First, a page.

For those of you who like a little more structure to your day, you can choose to partake in an organised walking tour with a local guide. These vary in time, you’re in Italy after all, but usually last between two and three hours and take in all Ascoli’s architectural gems.

Appassionata Ascoli Piceno Le Marche Italy Cafe Meletti Bar

Cafe Meletti & Dustin Hoffman in Ascoli for the filming of Alfredo Alfredo

Tucked away in a corner of the Piazza is the famous Cafe Meletti Bar, named after its founder, Silvio Meletti who first opened its doors to the public in the early 1900’s.

It quickly became the place to be seen, both Ernest Hemingway and Jean-Paul Satre frequented it often.

It has also been featured in many films over the past few years, including ‘Les Dauphins’ and ‘Alfredo, Alfredo’ starring Dustin Hoffman.

Appassionata Ascoli Piceno Le Marche Italy Cafe Meletti Bar

I walk into the bar and gaze upwards, admiring the fresco ceiling and Murano chandelier.  A circular marble-topped table beckons me, I reach into my bag and switch off my phone. This is an experience that needs no interruptions, I pull up a chair, place my order and gaze across the Piazza, soaking up the atmosphere of this very special place.

For lovers of antiques (that’s definitely me )there is a splendid antique market held in Ascoli Piceno on the third weekend of every month. The market is set up in the town’s splendid medieval centre, including  Piazza del Popolo and Piazza Arringa. Selling everything from quality art and chandeliers to rusty old nails and door hinges. It is the perfect opportunity to go browsing for weird and wonderful things with a backdrop of some of the most beautiful architecture and buildings in Italy. This is one of my favourite places to find hidden treasures for our Appassionata homes.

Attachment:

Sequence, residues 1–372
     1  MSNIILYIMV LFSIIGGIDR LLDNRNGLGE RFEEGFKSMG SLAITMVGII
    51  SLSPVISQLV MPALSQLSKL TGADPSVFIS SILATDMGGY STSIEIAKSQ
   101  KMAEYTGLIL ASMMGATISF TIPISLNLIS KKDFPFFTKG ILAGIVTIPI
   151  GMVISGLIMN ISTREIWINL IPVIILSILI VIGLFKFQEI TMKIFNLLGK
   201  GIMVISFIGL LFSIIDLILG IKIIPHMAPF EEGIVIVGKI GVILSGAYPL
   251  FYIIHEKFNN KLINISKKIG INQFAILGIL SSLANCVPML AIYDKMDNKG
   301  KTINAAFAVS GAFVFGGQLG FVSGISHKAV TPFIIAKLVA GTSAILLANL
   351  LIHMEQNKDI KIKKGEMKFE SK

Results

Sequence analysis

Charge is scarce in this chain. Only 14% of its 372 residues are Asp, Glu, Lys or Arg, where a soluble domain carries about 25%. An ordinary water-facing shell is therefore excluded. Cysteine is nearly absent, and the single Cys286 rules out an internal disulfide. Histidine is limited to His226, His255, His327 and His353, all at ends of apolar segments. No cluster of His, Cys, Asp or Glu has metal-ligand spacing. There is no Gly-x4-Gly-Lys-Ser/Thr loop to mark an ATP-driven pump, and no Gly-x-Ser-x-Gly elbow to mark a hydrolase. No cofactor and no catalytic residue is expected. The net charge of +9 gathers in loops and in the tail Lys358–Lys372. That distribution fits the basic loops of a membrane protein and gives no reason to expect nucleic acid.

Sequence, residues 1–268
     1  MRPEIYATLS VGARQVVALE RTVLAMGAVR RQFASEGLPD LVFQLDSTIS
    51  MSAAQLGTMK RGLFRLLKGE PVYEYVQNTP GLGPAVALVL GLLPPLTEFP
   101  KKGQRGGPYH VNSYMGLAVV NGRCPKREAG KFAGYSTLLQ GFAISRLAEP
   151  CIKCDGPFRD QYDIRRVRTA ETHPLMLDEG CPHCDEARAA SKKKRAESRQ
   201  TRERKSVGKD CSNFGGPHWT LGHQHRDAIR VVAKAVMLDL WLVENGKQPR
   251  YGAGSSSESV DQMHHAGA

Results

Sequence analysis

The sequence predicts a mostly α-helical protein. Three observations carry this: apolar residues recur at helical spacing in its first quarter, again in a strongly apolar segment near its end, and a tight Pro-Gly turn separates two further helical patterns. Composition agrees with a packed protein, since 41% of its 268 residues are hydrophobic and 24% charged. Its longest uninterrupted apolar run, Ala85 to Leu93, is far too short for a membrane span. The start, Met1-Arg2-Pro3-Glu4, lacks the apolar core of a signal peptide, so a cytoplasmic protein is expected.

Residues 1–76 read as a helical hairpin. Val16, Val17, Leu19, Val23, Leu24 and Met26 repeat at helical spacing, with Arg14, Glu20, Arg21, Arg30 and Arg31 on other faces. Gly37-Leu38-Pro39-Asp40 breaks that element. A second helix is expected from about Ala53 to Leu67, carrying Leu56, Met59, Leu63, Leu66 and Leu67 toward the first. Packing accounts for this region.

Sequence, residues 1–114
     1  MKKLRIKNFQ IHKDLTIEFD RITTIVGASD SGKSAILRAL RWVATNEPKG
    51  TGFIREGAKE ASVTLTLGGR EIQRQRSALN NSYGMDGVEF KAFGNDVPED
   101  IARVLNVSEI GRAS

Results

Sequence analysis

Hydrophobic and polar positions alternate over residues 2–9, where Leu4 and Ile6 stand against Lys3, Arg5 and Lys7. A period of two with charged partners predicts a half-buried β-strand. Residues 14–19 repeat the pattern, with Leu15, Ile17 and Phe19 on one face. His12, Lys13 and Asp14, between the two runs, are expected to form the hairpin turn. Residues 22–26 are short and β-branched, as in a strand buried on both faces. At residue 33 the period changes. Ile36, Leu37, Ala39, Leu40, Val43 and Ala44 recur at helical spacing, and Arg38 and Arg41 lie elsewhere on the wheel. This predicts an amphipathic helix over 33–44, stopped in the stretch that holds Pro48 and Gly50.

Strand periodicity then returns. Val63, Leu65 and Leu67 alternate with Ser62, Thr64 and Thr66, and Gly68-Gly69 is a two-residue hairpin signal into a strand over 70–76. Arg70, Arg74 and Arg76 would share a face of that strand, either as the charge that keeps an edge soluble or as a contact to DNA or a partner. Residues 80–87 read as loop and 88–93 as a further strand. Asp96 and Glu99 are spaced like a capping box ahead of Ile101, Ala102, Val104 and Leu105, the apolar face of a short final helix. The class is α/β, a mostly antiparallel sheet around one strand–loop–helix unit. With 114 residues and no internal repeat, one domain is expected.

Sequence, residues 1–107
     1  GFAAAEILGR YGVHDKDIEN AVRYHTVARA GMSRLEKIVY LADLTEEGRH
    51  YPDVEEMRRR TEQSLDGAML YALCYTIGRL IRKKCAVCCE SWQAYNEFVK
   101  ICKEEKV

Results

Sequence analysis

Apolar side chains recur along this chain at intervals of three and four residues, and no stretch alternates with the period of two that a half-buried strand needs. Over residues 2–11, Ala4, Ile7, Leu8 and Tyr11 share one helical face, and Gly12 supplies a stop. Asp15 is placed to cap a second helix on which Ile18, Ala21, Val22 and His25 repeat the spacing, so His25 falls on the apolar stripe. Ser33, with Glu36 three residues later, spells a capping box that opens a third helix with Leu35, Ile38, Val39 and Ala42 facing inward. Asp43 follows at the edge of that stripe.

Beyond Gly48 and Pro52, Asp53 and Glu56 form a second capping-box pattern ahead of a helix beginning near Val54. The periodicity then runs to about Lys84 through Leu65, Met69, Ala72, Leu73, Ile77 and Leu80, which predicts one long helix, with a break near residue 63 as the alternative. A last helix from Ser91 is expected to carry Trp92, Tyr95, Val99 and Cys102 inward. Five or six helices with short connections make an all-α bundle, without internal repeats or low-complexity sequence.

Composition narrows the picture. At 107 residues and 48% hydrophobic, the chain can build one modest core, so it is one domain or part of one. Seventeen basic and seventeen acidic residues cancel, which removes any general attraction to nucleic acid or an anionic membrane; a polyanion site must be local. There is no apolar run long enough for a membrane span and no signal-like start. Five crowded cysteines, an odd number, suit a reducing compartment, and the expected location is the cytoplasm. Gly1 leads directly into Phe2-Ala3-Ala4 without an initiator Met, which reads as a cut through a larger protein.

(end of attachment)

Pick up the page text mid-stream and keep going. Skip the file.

Ascoli Piceno is only a 45-minute drive away from our properties and makes the perfect place for a days outing.

Come and discover Le Marche with Appassionata

For the love of Le Marche wine – Terra Fageto Cantina

I love wine, in each and every colour.  It has been mentioned I always reach for the fullest glass, regardless if it’s mine or not, but I’m just a ‘the glass is always half full’ sort of person!

In our local bars and restaurants, we have an abundance of sommeliers. Each one advising and encouraging us to try a new wine, theatrically arriving at the table, twirling and swirling, sniffing and snorting. I love the extra drama this adds to an evening out.

We are blessed to live in a region of Le Marche surrounded by rolling hills dotted with vineyards, family owned for generations. Their love and dedication to the art of winemaking is inspiring.

This is a wine region to be taken seriously and really does produce some stellar wines.

Appassionata Le Marche Italy Fractional Ownership

Thanks to the mild climate throughout the year and the constant exposure to the south, this land has been used for viticulture since the Middle Ages.

With around 24,000 hectares of vines, the cultivation of the grapes is now one of the most important agricultural activities in the Le Marche region. Thankfully most of the region’s best wines never leave and are enjoyed by local Italians and tourists……. and me!

Let me introduce you to one of our favourite local wine producers, Terra Fageto in Pedaso. Their hard work and passion is refreshing, creating a range of prestigious, genuine wines, each with its own personality.

This small winery is owned by the di Ruscio family and has been for four generations. I will leave Dante to tell you their story.

“This fragrant land, where ladybugs still settle.
This land guarded with love, by the hard work of four generations.
This land whose grapes look towards the shores of the Adriatic and are the result of careful organic farming.
This land gives a harmonious and genuine wine. “

Come and discover the wines of Le Marche with Appassionata